The Onset of Iodine-induced Hyperthyroidism Among Women of Child Bearing Age in Ekiti East and Ekiti West Local Government Areas of Nigeria Following the Mandatory Salt Iodization Programme


  • D. D. Ajayi, A. O. Awoyinka and O. B. Ajayi


Iodine-induced hyperthyroidism, Table salt, Urinary iodide, Protein deficiency


One of the adverse outcomes of most iodine supplementation programs is iodine-induced hyperthyroidism. Following the baseline nationwide survey conducted in 1993 which revealed the high prevalence of iodine deficiency in Nigeria, a universal salt iodization strategy was implemented. The purpose of this study was to determine the prevalence of iodine-induced hyperthyroidism in some previously iodine-deficient villages in Ekiti. Altogether, 97 women from an Ogun State control community with no iodine deficiency as per previous studies and 592 women of childbearing age from 10 distinct Ekiti state villages took part in the study. The respondents had samples of their blood, urine, and salt obtained for routine analytical procedures. The prevalence of iodine-induced hyperthyroidism was 1.21% in Ekiti East and 0.59% in Ekiti West local government areas. Urinary iodide concentrations were 26.16 ± 8.39 μg/dl, 26.52±9.68 μg/dl, 24.34±9.53 μg/dl and were significantly higher in Iworo, Iludofin and Aramoko communities compared with 22.15±6.68 μg/dl in the control. Between 10 and 50% of the salt samples in the test and control areas had salt iodine concentrations over the WHO threshold of 20–40 ppm.  Comparing the iodine-induced hyperthyroid respondents with the controls, the TSH and albumin values were significantly lower (P<0.05), whereas the T3, T4, and urine iodide values were significantly higher (P<0.05). The study showed that iodine-induced hyperthyroidism incidence in some Ekiti communities is high. Advocacy, the implementation of a quantitative technique of salt evaluation at the community level, and proper monitoring of salt iodization at the factory level are suggested as remedies.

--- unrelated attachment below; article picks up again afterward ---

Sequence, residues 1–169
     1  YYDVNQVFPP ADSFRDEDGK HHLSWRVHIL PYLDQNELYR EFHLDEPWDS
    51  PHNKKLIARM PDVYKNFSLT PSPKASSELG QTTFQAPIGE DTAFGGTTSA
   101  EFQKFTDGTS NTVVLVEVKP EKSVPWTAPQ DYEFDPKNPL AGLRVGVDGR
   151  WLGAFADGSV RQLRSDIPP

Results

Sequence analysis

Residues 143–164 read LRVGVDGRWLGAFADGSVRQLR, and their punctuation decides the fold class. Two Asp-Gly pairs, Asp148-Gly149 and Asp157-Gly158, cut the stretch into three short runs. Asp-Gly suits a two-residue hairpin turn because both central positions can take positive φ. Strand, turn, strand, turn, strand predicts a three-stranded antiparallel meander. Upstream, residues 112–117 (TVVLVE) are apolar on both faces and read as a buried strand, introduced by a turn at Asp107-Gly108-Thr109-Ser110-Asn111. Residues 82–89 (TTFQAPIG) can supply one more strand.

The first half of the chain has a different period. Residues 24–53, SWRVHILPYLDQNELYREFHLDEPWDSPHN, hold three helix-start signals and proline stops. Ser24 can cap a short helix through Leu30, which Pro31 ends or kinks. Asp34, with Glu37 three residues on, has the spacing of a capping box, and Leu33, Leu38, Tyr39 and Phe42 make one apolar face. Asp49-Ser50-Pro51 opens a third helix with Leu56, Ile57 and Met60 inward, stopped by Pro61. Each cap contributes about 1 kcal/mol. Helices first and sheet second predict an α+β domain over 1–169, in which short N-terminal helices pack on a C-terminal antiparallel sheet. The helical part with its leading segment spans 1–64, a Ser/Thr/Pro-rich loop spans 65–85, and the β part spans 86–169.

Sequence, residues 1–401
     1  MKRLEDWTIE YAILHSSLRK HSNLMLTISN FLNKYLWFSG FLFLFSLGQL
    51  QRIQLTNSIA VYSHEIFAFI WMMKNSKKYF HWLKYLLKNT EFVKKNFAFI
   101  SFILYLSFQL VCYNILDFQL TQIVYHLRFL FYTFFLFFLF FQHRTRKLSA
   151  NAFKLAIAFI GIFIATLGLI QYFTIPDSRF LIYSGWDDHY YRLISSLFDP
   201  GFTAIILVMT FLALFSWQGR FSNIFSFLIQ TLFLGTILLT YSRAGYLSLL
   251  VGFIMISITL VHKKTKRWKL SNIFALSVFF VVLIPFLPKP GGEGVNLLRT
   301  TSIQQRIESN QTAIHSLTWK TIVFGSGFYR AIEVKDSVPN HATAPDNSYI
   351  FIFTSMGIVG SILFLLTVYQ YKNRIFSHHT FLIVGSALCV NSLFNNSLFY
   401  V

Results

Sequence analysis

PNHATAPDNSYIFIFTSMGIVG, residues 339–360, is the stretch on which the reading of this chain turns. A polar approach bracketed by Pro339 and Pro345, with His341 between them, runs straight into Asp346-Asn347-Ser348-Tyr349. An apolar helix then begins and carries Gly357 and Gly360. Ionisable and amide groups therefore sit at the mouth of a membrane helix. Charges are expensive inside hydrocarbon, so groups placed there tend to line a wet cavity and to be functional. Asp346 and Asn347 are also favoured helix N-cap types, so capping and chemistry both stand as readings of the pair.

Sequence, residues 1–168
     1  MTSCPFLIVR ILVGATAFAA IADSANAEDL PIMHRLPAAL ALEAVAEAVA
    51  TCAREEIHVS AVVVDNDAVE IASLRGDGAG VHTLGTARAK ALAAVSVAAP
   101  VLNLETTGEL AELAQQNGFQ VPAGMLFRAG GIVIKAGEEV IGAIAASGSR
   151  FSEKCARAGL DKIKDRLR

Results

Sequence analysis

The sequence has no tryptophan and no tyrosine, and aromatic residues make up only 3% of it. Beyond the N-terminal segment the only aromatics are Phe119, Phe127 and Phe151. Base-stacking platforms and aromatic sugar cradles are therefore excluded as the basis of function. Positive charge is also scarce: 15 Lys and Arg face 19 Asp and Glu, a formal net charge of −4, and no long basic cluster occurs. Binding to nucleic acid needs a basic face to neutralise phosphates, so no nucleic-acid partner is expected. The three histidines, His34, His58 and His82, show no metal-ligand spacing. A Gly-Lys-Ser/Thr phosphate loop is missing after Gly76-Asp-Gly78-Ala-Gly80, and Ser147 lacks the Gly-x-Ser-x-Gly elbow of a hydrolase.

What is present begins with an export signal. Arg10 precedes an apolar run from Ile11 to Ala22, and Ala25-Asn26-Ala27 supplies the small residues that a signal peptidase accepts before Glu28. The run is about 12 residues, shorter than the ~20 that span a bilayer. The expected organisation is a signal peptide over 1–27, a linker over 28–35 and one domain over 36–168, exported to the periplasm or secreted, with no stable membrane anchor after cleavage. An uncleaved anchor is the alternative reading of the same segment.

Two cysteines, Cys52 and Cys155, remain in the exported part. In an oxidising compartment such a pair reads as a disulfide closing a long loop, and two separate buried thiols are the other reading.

Author Biography

D. D. Ajayi, A. O. Awoyinka and O. B. Ajayi